His brain-machine link aims to do just that. A “whole brain interface” that totally immerses our cerebral cortex in the hyperspace of computers will, Musk claims, increase the long-term relevance of humans while also, as a side benefit, help detect brain diseases. Such a defiant stance in stark contrast to the capitulation represented by another Silicon Valley savant, Anthony Levandowski, known in Silicon Valley as a pioneering visionary in AI and for his contribution to driverless cars. Levandowski gained media attention in 2017 by founding the first AI church, which he named The Way of the Future. He is searching for adherents and foresees an AI godhead as not ridiculous but inevitable.
As Levandowski told an interviewer from Wired magazine, “It’s not a god in the sense that it makes lightning or causes hurricanes. But if there is something a billion times smarter than the smartest human, what else are you going to call it?” What saves The Way of the Future from being a lampoon is the enormous impact that AI is going to have everywhere. The Wired interviewer writes, “Levandowski believes that a change is coming—a change that will transform every aspect of human existence, disrupting employment, leisure, religion, the economy, and possibly decide our very survival as a species.”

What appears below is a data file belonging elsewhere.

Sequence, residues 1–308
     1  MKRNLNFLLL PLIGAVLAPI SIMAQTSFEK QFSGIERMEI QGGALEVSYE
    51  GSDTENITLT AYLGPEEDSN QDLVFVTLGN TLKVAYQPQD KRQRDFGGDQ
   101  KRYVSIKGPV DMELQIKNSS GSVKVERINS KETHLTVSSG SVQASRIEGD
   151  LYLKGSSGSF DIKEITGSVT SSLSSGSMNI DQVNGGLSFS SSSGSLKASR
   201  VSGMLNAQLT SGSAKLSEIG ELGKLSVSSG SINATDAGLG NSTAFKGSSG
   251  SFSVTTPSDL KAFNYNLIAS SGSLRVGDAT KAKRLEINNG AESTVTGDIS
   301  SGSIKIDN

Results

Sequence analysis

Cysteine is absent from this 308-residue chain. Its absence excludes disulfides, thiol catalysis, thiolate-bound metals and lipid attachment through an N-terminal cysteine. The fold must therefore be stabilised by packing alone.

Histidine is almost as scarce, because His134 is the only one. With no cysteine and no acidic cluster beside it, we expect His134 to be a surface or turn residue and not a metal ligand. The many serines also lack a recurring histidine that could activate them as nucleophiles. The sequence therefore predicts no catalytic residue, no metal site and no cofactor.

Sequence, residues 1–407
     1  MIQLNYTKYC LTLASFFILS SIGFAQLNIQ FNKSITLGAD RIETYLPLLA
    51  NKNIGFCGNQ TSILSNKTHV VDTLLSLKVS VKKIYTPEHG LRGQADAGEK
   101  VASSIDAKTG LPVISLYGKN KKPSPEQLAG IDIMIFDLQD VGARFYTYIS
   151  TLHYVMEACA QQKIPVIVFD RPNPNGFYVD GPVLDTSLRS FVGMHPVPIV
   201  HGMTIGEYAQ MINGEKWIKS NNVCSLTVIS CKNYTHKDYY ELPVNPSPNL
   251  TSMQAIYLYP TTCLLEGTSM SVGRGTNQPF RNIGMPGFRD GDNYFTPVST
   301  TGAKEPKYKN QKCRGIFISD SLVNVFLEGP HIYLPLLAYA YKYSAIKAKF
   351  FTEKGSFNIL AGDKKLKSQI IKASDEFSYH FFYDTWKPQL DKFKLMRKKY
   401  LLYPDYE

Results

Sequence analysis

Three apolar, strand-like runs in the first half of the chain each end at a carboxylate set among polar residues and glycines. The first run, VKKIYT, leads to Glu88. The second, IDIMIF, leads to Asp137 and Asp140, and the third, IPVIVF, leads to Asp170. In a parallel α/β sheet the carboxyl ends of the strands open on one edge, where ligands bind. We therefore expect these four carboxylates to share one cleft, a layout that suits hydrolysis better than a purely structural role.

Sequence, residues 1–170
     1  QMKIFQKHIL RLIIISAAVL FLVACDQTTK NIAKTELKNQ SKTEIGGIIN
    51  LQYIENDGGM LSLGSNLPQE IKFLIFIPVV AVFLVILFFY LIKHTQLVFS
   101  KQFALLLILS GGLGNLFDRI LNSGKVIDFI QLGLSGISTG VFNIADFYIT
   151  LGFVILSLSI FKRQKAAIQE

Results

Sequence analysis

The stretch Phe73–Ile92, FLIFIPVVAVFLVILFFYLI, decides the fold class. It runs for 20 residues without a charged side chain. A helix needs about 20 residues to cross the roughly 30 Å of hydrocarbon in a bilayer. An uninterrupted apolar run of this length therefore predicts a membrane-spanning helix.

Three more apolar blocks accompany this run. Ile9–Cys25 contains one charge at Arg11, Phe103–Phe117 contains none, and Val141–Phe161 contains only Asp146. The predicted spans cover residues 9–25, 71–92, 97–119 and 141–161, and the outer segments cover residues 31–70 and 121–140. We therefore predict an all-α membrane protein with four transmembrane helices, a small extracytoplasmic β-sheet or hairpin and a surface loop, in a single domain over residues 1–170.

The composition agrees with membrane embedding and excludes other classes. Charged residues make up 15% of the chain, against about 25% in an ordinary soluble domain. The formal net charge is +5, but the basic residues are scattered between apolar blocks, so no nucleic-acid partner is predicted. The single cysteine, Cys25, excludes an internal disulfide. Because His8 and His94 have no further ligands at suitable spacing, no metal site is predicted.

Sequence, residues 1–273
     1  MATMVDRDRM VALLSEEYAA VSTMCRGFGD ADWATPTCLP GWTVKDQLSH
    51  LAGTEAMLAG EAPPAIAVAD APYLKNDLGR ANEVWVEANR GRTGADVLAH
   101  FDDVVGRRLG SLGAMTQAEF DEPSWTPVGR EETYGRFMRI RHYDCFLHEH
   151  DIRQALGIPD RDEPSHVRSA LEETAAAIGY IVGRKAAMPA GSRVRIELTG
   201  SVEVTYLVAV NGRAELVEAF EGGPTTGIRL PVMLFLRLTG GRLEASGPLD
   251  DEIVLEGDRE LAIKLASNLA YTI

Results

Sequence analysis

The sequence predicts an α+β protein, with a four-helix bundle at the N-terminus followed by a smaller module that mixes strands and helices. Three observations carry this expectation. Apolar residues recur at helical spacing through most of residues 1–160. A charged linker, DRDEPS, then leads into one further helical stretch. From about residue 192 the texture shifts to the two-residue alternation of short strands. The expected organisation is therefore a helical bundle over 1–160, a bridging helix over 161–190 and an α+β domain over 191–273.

Everyone is free to worry about a hollow, dehumanized AI future, but what the first thirty years of the digital age has shown is that the greatest threats come from human hacks, identity theft, cyber-theft, and social media mischief like bullying and fake news. But AI futurists have mechanized the threat and the solution instead.
Neuralink is in many ways the grandest of all of Elon Musk’s enterprises. His vision of an implanted “digital brain layer” would interface with the neocortical and limbic layers of the human brain to allow our 100 billion neurons to effortlessly communicate with the Internet at ultra-high bandwidth. Such a device would also allow someone outfitted with the device to communicate with everyone else in the world just through their thoughts (Star Trek fans know this as the Vulcan mind meld). Eventually, once we are all brain-connected, smartphones, email, Instagram, etc. would be outmoded relics of the past.